Application of the Modified Methylene Blue Test to Detect Clay Minerals in Coarse Aggregate Fines



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The purpose of this study was to implement a new, rapid field method to effectively and accurately detect harmful clay minerals in aggregate fines by using the modified methylene blue (MMB) test. The focus of this study was based on existing knowledge that expansive, or swelling, clays can cause performance problems in pavements whose coarse aggregate fraction contains an appreciable amount of clay. It has been shown through various research projects along with pavement sections in the field that have failed due to distresses caused by the presence of a considerable amount of deleterious clay minerals. As part of this study, nearly thirty aggregate sources, mainly throughout Texas, have been collected and tested using the MMB test. These samples also underwent chemical separation in order to determine the amount of clay contained within each sample. A strong correlation between the MMB test and the clay content detected by chemical separation results has been established. In other words, clay-rich samples have been reflected by the results of the MMB test, thus providing evidence of the test?s accuracy in detecting expansive clay minerals.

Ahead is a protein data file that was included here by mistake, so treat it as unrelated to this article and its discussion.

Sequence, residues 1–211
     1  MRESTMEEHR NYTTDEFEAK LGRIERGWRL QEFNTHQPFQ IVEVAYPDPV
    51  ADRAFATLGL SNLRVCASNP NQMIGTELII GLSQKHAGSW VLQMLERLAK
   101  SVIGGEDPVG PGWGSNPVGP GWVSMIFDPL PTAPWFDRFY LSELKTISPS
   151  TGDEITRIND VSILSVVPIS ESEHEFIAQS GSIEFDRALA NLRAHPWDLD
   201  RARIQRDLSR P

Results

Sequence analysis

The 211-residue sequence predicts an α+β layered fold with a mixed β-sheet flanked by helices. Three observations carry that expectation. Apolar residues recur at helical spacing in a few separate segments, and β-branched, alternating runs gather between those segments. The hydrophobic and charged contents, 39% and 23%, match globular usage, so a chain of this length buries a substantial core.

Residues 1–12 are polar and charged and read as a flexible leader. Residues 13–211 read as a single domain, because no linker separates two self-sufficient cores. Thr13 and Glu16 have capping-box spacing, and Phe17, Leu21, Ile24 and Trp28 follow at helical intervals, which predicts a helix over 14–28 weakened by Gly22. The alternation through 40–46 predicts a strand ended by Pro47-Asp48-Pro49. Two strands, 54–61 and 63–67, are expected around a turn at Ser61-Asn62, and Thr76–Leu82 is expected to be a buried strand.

In addition to the quantification of aggregate fines by mineralogy, performance testing using hot mix asphalt (HMA) and Portland cement concrete (PCC) mixes was also conducted. In one phase of the study, known amounts of standard clay minerals were introduced to the mixes, and performance testing was carried out. This was done in hopes of establishing a limit of tolerable amounts of clay in coarse aggregate fines that would not sacrifice concrete performance. In another phase of this study, natural stockpiled aggregates from select quarries throughout Texas known to contain clay minerals in the aggregate fines were used to make Portland cement concrete to see how they performed as the coarse aggregate fraction of the mixes. Through extensive methylene blue and concrete performance testing, the aim was to establish a threshold methylene blue value (MBV) that corresponds with the maximum permissible clay content within the aggregate fines.